I was born in a small town

Posted: May 22, 2008 in meme, Memory Lane

From Heather:

1) You can name everyone you graduated with.
Practically – I was 14th in a graduating class of 98.

2) You know what 4-H means.
OMG. Brad had a calf he showed in 4-H. (Which means, by the way, Head, Hands, Heart, and Health.) “I Pledge My Head to clearer thinking, My Heart to greater loyalty, My Hands to larger service (hah, I originally typed “lager service”, and wouldn’t Service to Budwiser make sense??) and My Health to better living for my Club my Community my Country and my World.”

3) You went to parties at a pasture, barn, gravel pit, or in the middle of a dirt road. On Monday you could always tell who was at the party because of the scratches on their legs from running through the woods when the party was busted. (See #6..)
Or the Lake, or the middle of Morrison field, which doubled as the t-ball field on weekends.

4) You used to ‘drag’ Main.
Um, no, but only because we didn’t even have a Main street.

5) Most people went by a nickname.
HELL yeah. Bubba, Rumpy, Guy, Stumpah, and Jeans.

6) You scheduled parties around the schedules of different police officers, because you knew which ones would bust you and which ones wouldn’t.
There weren’t no cops round where we lived. Nearest was the next county over. I’m even too country for THIS list.

7) You could never buy cigarettes because all the store clerks knew how old you were (and if you were old enough, they’d tell your parents anyhow.) Besides, where would you get the money?
Oh Jesus, yes. The lunch lady, the drug store lady, the hardware store lady, the gas station guy, and the grocery store lady all knew my family.

8 ) When you did find somebody old enough and brave enough to buy cigarettes, you still had to go out into the country and drive on back roads to smoke them.
Nah, we just rolled our own in a pack of Zig-Zags.

9) You knew which section of the ditch you would find the beer your buyer dropped off.
Yeah… sure. It was beer. Sure.

10) It was cool to date somebody from the neighboring town.
Guys from Auburn were soooo cuuute.  RIGHT KIM?

11) The whole school went to the same party after graduation.
Had to. It was a lockdown.

12) You didn’t give directions by street names but rather by references. Turn by Nelson’s house, go 2 blocks to Anderson ‘s, and it’s four houses left of the track field.
Directions to my Grandmothers: Take 115 to 231. Follow 231 till you get to the Penny Road Store. Go over the bridge, take the first road to the right, next to the big run-down barn. Take the dirt road past the pond, turn left, Grandma’s house is at the top of the hill.

13) The golf course had only 9 holes.
Golf? We ain’t never heard of no golf. There’s put-put up Old Orchard Beach way, though.

14) You couldn’t help but date a friend’s ex-boyfriend/girlfriend.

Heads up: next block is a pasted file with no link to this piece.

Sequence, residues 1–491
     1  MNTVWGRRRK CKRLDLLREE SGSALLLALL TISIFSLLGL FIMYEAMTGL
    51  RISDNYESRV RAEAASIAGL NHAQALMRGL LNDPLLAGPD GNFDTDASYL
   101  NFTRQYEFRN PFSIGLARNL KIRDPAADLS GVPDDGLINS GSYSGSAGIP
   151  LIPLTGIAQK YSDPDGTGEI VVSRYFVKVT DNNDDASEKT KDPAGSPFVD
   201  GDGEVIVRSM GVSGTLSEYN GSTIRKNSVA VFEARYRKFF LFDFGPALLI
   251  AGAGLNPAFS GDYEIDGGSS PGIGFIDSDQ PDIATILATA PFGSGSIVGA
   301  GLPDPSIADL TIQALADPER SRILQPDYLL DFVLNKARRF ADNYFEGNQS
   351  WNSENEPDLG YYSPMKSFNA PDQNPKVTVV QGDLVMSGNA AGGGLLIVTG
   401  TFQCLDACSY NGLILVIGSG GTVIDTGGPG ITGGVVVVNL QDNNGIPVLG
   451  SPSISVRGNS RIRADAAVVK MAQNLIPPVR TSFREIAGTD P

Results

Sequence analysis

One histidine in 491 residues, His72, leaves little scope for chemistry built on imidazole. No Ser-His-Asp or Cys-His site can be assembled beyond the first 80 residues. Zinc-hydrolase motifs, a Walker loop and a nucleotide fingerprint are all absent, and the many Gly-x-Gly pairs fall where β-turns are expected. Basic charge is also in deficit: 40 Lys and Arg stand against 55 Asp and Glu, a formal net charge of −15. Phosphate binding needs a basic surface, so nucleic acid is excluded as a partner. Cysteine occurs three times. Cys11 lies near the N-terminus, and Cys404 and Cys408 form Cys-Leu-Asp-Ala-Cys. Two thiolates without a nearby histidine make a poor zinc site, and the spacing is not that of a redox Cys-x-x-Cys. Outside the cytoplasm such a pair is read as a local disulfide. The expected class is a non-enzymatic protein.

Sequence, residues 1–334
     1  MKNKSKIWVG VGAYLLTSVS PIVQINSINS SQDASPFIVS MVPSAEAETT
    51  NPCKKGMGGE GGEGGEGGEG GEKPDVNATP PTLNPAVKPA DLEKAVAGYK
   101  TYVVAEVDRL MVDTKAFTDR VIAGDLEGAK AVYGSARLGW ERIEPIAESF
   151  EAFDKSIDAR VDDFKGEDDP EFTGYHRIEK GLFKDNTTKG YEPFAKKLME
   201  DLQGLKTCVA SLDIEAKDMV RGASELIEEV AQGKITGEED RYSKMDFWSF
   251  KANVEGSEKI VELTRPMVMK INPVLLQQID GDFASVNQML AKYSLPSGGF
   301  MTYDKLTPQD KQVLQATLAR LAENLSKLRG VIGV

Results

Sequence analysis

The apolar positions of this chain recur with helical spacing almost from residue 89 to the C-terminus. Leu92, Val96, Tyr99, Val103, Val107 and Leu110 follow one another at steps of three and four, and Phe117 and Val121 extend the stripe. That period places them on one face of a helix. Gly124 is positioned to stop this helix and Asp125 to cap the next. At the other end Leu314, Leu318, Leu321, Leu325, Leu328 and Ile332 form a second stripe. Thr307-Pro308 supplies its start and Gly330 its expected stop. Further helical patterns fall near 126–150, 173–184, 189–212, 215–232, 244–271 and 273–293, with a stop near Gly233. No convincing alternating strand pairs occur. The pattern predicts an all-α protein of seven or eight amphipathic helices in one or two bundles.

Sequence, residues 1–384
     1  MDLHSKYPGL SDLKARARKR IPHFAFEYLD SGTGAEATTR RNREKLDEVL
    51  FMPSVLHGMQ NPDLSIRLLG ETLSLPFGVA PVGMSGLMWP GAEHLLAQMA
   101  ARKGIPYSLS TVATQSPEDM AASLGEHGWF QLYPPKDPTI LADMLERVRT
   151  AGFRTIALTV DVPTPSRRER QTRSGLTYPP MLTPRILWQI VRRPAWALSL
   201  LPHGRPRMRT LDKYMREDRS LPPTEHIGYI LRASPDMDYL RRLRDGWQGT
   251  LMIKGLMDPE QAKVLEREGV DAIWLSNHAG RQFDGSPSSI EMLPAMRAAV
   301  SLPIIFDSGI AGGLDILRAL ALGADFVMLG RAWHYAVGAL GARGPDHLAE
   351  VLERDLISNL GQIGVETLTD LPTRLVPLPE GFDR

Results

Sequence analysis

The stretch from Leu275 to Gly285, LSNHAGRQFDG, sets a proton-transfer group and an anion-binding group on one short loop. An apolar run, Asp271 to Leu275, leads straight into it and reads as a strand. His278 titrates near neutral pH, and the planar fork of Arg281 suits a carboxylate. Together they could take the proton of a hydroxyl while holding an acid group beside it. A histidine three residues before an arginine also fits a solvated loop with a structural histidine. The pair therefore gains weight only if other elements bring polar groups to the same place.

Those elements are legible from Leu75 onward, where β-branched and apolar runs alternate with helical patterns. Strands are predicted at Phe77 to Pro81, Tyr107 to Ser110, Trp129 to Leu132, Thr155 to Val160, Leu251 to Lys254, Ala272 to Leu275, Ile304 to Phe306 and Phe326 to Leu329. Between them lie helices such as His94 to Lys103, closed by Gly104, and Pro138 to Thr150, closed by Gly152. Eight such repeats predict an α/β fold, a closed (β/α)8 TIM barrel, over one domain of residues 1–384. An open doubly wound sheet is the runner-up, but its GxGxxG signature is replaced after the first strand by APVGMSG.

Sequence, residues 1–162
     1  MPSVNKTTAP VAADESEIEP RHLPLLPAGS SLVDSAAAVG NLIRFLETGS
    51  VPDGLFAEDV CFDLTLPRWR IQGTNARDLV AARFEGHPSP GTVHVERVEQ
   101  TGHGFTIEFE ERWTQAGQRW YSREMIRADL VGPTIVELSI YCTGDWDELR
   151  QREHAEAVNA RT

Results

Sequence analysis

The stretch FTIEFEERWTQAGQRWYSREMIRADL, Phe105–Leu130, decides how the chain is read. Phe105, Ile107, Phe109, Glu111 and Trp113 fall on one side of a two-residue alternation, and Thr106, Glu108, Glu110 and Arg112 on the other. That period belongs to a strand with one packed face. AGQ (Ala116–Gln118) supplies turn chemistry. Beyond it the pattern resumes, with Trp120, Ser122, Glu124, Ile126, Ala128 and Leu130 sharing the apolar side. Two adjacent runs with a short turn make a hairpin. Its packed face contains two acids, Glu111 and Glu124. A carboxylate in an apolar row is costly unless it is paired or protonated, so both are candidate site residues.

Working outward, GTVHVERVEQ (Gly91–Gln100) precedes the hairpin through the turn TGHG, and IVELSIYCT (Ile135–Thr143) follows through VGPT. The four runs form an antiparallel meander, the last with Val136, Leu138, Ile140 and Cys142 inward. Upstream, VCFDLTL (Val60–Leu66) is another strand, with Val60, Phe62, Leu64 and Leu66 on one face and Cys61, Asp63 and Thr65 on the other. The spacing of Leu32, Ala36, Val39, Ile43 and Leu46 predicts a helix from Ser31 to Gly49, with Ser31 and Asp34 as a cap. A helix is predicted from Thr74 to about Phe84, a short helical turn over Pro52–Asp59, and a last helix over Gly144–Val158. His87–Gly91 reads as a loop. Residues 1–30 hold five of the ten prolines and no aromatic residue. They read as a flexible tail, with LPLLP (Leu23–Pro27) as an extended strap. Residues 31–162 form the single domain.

Or, just date your ex over and over and over again.

15) Your car stayed filthy because of the dirt roads, and you will never own a dark vehicle for this reason.
Your car also stayed filthy because of “mud season”, beer bottles, and dog hair.

16) The town next to you was considered ‘trashy’ or ‘snooty,’ but was actually just like your town.
BWAAA! That’s so true. New Gloucester has 4300 residents and is considered “cow country” compared to Gray’s 6900.

17) You referred to anyone with a house newer then 1950 as the ‘rich’ people.
Nah, there weren’t no rich folk round our parts.

18 ) The people in the ‘big city’ dressed funny, and then you picked up the trend 2 years later.
Yep, like three pairs of socks with the cuffs of your peg-leg jeans stuffed in ’em. They still dress like that, I think.

19) Anyone you wanted could be found at the local gas station or the dairybar.
Eventually, yes. You could call ’em up on the CB.

20) You saw at least one friend a week driving a tractor through town or one of your friends driving a grain truck to school occasionally.
My sister drove the “Chariot” as her main transportation for several years. A tractor with a wooden bench and bed hand-built onto the chassis.

21) The gym teacher suggested you haul hay for the summer to get stronger.
No, but the shop teacher missing three fingers recommended ROTC.

22) Directions were given using THE stop light as a reference.
There WAS only ONE light in my town, and it was flashing red in one direction and flashing yellow in the other.

23) When you decided to walk somewhere for exercise, 5 people would pull over and ask if you wanted a ride.
Walking wasn’t a decision – if I was walking on the side of the road it meant I broke down, and it didn’t take long for someone I knew – even out in the middle of nowhere – to stop and offer help.

24) Your teachers called you by your older siblings’ names.
“You’re Wendy’s sister, right?”

25) Your teachers remembered when they taught your parents.
My teachers were my parents’ contemporaries.

26) You could charge at any local store or write checks without any ID.
Hell yes. We had “credit” everywhere, and there was no card involved.

27) There was no McDonalds.
Nope, nearest one was 25 miles away.

28 ) The closest mall was over an hour away.
Close! 48 minutes.

29) It was normal to see an old man riding through town on a riding lawn mower.
Lawn mower, John Deer tractor, snowmobile, four-wheeler…

30) You’ve pee’d in a cornfield.
Corn, hay, alfalfa… any kind of field ya got.

31) You laughed your butt off reading this because you know it is true, and you forward it to everyone who may have lived in a small town.

  1. Taoist Biker says:

    Yep. I can relate. More to the point, though, my wife posted this as a Myspace bulletin about 2 years ago, and I wish to HELL that I could find my smartassed commentary on it.

  2. catnip35 says:

    I saw your comment at Clusterfook’s about wanting to go back to Maine. I grew up in a small town in Maine too – this was hilarious!

  3. I too born in a Small village 🙂

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